Entitlement or Customer Service?

Expectations of good customer service sometimes conflict with entitlement mindsets—especially as performance thresholds become ever-more robust.

So, when Amazon Prime guarantees one-day delivery and doesn’t meet their commitment, are irritated customers acting entitled or are they justifiably upset?

I maintain it’s the latter in most cases. The problem is that companies offering this type of performance are setting the consumer expectation bar extremely high. Then customers are unhappy when the commitment isn’t kept.

Often, it’s the fault of the company for overpromising and underdelivering. We see it all the time in telecom, transportation and travel, among other industries. Grandiose promises unkept are then too often met with a shrug of the shoulders or outright hostility when consumers demand accountability.

In their marketing zeal, companies need to back off and offer promises they’re prepared and willing to keep. Then, a large portion of the consuming public will be satisfied because performance matches, or even exceeds, commitment.

That said, there obviously are instances when entitlement takes over. I’ll revisit an Amazon example. Last spring, a delivery was delayed beyond the guaranteed time because of inclement weather. I didn’t expect, or even want, the delivery on-time as road conditions could have imperiled the driver. That’s in the realm of realistic expectations.

However, I’m sure there were people complaining mightily about their delayed packages. That’s an entitlement mentality: “I want what I want when I want it…and no excuses.”

A crucial part of top-notch customer service is aligning company commitments with consumer expectations. Overpromising and underdelivering does everyone a disservice. The company looks bad, employees often get the brunt of customer dissatisfaction, and customers themselves are unhappy.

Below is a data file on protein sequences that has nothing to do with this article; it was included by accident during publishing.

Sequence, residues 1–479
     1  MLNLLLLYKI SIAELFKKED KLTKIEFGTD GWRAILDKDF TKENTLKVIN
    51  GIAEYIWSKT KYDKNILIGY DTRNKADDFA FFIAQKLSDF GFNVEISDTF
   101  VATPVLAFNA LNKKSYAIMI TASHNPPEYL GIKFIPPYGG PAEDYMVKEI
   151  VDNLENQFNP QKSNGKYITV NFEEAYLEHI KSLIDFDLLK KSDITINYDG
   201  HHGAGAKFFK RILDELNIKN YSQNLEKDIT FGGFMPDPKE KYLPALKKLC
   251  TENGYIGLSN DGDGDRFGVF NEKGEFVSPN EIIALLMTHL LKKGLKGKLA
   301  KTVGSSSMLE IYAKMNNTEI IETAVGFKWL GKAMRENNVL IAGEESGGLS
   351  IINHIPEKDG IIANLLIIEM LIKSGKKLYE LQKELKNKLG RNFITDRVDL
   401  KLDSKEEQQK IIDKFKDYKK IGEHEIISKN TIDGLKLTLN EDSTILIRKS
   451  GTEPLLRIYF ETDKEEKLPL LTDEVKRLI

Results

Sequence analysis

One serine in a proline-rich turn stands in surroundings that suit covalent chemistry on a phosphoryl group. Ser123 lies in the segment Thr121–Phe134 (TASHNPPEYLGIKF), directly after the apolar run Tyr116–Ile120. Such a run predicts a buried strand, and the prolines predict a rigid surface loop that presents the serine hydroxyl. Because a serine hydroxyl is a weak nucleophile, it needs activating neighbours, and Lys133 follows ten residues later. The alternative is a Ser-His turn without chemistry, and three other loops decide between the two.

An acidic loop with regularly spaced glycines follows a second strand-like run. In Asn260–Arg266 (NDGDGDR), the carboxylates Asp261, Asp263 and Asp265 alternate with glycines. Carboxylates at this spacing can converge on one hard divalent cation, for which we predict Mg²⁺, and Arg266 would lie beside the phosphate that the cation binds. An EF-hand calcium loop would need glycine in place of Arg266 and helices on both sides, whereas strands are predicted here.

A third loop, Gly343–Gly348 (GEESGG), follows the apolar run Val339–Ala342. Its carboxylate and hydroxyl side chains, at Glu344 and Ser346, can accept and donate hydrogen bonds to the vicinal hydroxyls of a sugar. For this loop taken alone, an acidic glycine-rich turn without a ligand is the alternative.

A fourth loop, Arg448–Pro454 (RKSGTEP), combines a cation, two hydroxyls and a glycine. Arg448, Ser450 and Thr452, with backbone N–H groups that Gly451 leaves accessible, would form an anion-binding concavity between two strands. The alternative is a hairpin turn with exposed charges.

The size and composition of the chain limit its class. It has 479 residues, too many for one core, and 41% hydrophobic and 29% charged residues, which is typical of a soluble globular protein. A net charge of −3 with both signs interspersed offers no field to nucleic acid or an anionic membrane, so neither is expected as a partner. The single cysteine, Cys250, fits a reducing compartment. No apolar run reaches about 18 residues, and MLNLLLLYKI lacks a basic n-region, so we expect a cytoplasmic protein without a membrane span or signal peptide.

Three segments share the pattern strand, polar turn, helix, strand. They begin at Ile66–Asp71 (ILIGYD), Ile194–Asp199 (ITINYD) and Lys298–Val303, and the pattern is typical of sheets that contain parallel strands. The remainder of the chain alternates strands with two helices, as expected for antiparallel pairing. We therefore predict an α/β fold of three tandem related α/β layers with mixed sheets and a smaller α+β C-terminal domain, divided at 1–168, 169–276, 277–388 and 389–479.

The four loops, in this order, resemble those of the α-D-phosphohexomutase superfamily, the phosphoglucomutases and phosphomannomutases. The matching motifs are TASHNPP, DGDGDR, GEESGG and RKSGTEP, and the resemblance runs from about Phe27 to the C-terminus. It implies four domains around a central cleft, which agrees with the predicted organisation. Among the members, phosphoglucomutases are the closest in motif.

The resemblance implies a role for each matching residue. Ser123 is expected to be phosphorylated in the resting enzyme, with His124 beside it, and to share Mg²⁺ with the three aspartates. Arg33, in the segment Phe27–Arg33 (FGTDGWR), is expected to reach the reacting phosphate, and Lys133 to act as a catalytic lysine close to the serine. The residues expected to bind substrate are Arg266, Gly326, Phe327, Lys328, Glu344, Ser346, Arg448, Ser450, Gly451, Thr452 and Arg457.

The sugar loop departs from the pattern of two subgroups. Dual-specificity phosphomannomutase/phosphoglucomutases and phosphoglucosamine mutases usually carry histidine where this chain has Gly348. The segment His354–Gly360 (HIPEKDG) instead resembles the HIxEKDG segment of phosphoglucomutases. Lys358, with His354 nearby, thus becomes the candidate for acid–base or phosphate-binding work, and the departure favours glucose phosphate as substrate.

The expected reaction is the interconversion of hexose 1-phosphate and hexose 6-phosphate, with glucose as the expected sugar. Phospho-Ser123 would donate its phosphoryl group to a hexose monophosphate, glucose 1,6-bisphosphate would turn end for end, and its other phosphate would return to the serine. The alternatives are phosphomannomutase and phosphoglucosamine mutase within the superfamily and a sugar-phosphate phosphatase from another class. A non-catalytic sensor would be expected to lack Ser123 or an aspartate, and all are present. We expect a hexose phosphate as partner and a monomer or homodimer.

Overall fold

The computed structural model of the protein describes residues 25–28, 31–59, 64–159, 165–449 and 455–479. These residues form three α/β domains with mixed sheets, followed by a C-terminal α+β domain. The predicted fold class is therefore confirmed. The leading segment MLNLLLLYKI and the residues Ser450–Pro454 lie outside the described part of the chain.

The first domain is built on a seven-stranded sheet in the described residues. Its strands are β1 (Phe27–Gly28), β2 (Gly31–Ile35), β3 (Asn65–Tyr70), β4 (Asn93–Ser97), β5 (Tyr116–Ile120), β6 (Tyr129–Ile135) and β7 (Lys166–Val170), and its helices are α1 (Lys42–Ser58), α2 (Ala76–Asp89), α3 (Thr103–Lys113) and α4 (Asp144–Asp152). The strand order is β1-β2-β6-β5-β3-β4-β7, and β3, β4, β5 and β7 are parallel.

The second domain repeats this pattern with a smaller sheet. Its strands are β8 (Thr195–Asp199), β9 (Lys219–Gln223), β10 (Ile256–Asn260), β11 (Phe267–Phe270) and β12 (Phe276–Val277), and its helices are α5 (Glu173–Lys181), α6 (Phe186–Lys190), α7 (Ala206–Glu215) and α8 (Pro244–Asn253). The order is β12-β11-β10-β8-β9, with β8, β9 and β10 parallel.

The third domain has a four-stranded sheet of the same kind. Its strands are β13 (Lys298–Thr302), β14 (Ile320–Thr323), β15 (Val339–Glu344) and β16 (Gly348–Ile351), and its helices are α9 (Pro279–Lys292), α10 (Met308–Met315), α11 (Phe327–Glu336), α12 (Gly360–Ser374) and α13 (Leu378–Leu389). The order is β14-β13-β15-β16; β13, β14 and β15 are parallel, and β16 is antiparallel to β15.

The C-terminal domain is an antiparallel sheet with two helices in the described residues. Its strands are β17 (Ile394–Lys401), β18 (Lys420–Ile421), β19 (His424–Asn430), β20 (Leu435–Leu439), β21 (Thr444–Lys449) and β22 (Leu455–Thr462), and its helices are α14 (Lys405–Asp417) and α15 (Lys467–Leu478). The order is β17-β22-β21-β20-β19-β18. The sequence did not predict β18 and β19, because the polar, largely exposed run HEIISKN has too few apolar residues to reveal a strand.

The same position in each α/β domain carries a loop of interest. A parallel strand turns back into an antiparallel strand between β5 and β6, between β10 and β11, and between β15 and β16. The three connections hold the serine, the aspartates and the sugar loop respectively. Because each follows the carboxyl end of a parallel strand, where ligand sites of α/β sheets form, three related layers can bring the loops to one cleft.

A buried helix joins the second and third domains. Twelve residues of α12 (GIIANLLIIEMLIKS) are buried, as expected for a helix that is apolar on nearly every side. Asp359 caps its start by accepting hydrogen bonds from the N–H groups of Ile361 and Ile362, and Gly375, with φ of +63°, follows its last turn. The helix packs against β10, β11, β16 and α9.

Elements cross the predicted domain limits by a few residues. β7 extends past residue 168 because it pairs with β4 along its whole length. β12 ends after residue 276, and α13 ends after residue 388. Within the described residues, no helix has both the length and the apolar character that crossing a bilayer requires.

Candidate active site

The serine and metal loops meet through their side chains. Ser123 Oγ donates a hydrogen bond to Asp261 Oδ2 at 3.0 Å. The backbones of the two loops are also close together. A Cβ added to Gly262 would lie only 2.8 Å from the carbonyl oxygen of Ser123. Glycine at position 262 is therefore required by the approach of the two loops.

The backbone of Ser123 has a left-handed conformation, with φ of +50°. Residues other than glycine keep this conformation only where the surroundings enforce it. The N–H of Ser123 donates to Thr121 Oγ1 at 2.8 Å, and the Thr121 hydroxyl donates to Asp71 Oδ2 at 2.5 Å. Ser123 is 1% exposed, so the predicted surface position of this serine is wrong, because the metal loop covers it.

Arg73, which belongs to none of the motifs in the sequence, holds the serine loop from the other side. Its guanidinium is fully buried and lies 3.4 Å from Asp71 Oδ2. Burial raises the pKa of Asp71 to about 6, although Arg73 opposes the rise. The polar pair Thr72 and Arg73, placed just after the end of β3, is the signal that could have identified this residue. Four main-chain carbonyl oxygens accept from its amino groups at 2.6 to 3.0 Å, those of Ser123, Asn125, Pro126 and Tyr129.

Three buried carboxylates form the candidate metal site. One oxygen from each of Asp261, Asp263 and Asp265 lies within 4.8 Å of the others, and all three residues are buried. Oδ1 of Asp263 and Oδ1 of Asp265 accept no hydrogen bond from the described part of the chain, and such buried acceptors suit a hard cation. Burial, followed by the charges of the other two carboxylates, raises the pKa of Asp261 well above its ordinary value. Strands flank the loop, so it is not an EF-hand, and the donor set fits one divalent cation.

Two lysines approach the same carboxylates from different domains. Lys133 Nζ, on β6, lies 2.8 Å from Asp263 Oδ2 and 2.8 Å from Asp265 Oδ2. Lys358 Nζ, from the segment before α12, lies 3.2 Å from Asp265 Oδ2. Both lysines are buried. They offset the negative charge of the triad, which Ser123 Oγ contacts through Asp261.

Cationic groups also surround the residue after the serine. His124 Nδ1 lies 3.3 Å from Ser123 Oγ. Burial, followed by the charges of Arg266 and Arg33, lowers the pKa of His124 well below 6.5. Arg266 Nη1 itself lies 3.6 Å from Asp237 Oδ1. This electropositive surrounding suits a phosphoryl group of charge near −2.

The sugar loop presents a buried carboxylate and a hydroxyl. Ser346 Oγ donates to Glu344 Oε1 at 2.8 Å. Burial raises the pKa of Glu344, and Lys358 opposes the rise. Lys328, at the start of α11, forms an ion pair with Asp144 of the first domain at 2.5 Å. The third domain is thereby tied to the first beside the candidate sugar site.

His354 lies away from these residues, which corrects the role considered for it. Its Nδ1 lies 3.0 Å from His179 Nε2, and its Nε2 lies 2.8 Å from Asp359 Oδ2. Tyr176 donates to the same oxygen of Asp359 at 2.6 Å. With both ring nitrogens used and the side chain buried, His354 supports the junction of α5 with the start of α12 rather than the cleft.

Realistically, what will slow down this insane rush, rush, rush and return the world to a more “reasonable” place? Mother Nature. Just as there are physical laws that we must abide by, at least for now (e.g., we’ve yet to master traveling at the speed of light), there are practical limits to how much, how fast, how cheap and how good anyone can be.

There’s a reason that the adage, “Fast, good or cheap. Pick two” has been cited so often. Speed, quality and price challenges typically are daunting. Those working toward attaining all three simultaneously will typically be stymied. Even as companies break through the ceiling and seemingly accomplish the triple play, there will be other problems.

For example, “cheap price” may come at the extraordinarily high price of employee wellbeing and safety. Pushing ever harder will backfire at some point, as Amazon is currently seeing with the constant chatter about how employees are pushed beyond reasonable limits.

Let’s all take a breath, get some perspective, and re-evaluate priorities here. Customer service has many facets, and there are many inter-relationships. Perhaps lofty customer service objectives will be best served by re-examining reasonable expectations and regearing commitments accordingly.

For example, I vote for a return to a slower Amazon fulfillment/delivery model that enables keeping commitments that don’t unduly burden a variety of stakeholders.

In this era of fake news and fast communication, company reputation is more vulnerable than ever to one negative headline or storyline. Strong customer service ratings over a substantial period of time can limit the damage, showing a pattern of competence and caring that supersedes isolated hits to a reputation. Building and maintaining a positive customer service image is one critical key to business success in the 2020s.

Do you have customer service snafus or stellar experiences to share? If so, feel free to comment on this post or email your thoughts to mark@marklusky.com.

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Mark Lusky is a veteran writer, storyteller and author, with 40+ years of public relations, advertising, marketing and journalism experience.

Author of A Wandering Wondering Jew… and co-author of Don’t Get Mad, Get Leverage,  Mark (aka The Happy Curmudgeon) is the owner of a Denver-based marketing communications firm.

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